BGOllie

Jun 082019
 

I got this Bombjack Bootleg board a while back when I just couldn’t find any original boards for my cab. I since got an original board for it but this bootleg has been left for repair since then.

It was sold as “graphic & sound issues” without more explanations. Lucky though, these bootlegs are identical to the original boards.

A first visual inspection reveals a few loose & broken filter capacitors and a couple of messy traces near the edge connectors. Hard to say without a magnifier if they’re broken. The caps won’t be an issue for now so let’s focus on the traces

 

I could do a quick continuity test but as it happens, somebody sent me one of those cheap chinese microscope things. They’re essentially a USB webcam , so this is a good opportunity to give it a test.

Indeed two traces were broken, a quick solder bridge will fix that. Handy little toy that thing!

Next, I had to make an adapter since the board didn’t come with one.

On these boards the video signal comes from a separate connector on the far edge of the board. You can already spot there’s an IC missing there too

This might explain the graphic issue.

But first let’s finally power the board and check what we get.

So our colors are off, some graphic information is missing. There’s no sound coming from the board either. The wavy effect on top of the screen is an artifact of my monitor being in need of a re-cap so we can ignore this.
Let’s first take care of that missing IC. Looking at a photo found online, this should be an LS174 flip-flop.

I then checked the schematics and this confirms it as a pair of these is handling the color signals. Our missing IC at 8B handles the blue and part of the green signal.

Let’s drop a fresh one and see if this restores our picture.

Success!!
Now to address the sound issue. Probing my way from the amp back I eventually realized I’was not getting any signal. All outputs on the sound ICs (three AY-3-8910) were dead , I suspected the z80 controlling these.

Swapping it with a new working one restored the sound completely board … here’s a photo for proof :

In addition to this I did make a couple of mistake on my adapter, meaning the controls worked incorrectly. I spent some time trying to troubleshoot this till I double checked my adapter. ah well.  Another case where having another working set would prove useful.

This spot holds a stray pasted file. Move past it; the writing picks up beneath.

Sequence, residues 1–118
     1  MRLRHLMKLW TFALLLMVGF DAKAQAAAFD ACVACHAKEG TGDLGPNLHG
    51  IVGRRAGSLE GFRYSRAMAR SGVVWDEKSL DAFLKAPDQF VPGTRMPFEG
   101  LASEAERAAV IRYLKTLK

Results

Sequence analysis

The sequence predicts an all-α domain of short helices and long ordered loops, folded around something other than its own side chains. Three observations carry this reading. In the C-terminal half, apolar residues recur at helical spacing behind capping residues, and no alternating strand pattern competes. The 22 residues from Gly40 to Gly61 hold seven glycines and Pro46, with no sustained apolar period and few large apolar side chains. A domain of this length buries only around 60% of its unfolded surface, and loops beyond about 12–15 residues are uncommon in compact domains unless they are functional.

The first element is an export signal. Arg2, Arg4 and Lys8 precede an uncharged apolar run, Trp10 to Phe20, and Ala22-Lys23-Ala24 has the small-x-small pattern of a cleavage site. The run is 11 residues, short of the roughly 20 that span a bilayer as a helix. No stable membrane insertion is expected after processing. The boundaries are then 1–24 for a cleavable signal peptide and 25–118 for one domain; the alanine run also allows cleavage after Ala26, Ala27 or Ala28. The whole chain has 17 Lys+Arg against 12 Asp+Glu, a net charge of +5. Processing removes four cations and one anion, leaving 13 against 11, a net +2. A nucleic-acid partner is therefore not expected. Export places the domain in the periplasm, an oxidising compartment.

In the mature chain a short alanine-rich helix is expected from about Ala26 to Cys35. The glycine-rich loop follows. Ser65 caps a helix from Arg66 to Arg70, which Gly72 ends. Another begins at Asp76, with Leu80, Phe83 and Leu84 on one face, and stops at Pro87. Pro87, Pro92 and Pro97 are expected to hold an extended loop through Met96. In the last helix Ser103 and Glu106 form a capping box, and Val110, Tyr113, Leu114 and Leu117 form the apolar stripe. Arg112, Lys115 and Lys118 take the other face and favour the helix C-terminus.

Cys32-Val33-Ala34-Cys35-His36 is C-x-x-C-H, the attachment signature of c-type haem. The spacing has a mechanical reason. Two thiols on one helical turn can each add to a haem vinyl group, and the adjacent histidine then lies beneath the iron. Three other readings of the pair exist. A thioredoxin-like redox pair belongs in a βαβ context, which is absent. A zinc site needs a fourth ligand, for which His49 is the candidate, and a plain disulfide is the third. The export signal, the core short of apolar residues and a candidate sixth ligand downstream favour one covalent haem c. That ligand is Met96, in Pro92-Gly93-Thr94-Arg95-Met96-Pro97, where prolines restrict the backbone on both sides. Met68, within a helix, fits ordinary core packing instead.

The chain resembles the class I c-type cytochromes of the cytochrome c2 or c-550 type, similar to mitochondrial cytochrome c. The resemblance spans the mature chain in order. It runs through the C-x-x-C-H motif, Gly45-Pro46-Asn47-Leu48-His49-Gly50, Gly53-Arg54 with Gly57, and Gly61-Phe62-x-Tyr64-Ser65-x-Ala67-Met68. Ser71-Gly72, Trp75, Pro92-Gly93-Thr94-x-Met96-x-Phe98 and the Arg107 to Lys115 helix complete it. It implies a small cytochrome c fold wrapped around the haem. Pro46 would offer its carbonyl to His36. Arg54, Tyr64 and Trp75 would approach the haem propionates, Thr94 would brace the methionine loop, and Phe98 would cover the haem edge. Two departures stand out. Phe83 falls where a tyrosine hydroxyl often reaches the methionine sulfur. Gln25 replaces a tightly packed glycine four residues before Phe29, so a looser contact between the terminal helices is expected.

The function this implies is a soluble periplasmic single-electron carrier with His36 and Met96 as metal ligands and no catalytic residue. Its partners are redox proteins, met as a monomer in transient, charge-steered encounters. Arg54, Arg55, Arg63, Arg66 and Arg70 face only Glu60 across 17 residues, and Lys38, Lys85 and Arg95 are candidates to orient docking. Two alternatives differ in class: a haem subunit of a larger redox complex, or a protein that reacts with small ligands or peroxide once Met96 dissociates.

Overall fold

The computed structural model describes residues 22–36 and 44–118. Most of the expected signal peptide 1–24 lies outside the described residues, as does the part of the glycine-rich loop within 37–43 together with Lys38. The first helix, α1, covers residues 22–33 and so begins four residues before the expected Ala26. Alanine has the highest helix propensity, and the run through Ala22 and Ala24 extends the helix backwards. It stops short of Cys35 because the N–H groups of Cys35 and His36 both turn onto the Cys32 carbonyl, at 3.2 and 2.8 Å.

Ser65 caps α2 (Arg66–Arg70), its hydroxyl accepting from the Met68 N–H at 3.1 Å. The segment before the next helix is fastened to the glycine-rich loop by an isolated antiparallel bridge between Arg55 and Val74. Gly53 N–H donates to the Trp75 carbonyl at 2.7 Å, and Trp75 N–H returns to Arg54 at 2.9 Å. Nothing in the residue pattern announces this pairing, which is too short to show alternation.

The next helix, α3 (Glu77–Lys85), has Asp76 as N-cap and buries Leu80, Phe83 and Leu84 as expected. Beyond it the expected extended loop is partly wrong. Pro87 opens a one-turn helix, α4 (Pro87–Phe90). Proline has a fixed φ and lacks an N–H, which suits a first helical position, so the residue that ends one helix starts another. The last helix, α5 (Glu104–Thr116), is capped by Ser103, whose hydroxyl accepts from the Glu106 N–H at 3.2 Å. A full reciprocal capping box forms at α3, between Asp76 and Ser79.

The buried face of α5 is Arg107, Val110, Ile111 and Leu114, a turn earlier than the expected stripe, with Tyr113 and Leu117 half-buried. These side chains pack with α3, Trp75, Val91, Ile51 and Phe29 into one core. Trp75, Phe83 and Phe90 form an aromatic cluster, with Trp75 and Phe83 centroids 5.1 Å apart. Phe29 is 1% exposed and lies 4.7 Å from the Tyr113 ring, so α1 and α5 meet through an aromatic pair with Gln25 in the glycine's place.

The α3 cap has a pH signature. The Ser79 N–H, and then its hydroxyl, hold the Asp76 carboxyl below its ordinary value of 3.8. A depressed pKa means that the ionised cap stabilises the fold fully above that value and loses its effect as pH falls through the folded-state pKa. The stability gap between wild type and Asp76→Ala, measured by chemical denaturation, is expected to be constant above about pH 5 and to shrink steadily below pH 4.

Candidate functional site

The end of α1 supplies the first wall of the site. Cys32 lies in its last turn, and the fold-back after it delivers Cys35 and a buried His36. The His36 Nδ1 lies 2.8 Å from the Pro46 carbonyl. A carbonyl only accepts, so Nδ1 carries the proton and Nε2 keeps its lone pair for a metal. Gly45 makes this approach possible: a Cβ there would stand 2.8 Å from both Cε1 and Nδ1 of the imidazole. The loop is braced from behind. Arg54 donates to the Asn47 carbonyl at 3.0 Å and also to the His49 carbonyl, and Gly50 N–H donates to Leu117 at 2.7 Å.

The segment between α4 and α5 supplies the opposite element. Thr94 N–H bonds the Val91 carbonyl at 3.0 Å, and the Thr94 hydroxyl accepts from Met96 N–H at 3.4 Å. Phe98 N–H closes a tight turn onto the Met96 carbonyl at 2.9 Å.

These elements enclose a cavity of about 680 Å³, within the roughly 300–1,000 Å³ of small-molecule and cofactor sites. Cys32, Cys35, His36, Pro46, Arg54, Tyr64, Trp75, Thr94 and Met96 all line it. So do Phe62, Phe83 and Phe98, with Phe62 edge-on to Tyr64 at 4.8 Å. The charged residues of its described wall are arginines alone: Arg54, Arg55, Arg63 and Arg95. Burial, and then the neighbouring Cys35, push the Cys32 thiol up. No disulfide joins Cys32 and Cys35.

Anyway the board is working fine now, but while I tidied a few loose capacitors around the board I spotted this unpopulated section of the bootleg board:

Silk screen and holes for two leds and resistors. Comparing to an original board and checking the schematics, these should be indicators for the 5v and 12v lines.

While this is not strictly needed it’s an easy thing to just add them . I went for a green 5V and red for 12V

yay . a fully working Bomb Jack bootleg.
And for those preferring the video format:

May 032019
 

A while back I got my hands on a cheap CPS1 set for Street Fighter 2 CE. The reason it was cheap was that the A board was not working. As we know by now, these A boards are dying quite fast and in some cases the culprit is the Custom CPS-A-01 chip for which there are no know replacements as of yet.

Let’s have a look at what we get on screen first

So it seems we’re only getting half the lines in the sprites and , while it’s not visible on a screenshot, the other half is flickering slowly too.

Looking at the schematics we can see the two parallel banks of rams processing each odd/even lines of sprites. These are coming straight out of the CPS-A-01 GPU IC. Let’s check out the DT/OE enable lines or the rams first.

Looking at them in with the scope reveals a couple of issues:

The bottom one is pin 21, and it’s not really toggling apart from that one regular jump, while we can see that the other line is toggling all the time. This is why we’re only seeing half of the sprites: one bank is not being enabled.

The other issue is this jump on both lines which is most likely why the entire sprites flicker regularly.
These are coming from Pin 21 and 47 of the cpsA .
bank A pin 21
bank B pin 47

Tying the enable line of bank B to bank A will restore the sprites but we still have the issue of the flickering sprites… in a nutshell, the CPS-A chip is fried and this A board is toast.

Luckily a viewer of the youtube channel (thanks Kris Ankers!) sent me a spare A & B board.

The board is in unknown working state . Checking the few remaining proms it’s another SF2 CE , not that it makes much difference here as we’re only interested in the A board. Let’s replace the A board on my other stack and fire this up

…nothing. board is dead.
A quick visual inspection reveals a few corroded badly corroded sockets on the BUF1 and ROM1 pals. corroded is an understatement here too since the socket were missing legs that had completely disintegrated.

Let’s put new sockets in place and see what we get.

Still no boot. I took both pals from my other set and dropped them in.
After some more swapping I found that the Rom1 pal is working so it was just the BUF1 pal that needed to be replaced.

Success!! The board is now booting and playable. Sound is also working fine.

But it seems we’re missing the red color.

A look at the schematics tells me me which ICs are handling the rgb output. We’ve got two rams outputting to 2 LS273 flip flops. This is then sent through ls07 and ls367 buffers, through resistor arrays before being output to rgb.

The difficulty here is that apart from the legs of the rams and resistor arrays which can be probed from the underside, the other ICs are SMD and hidden by the b board so I am not able to probe the legs. Time for some logical guess work :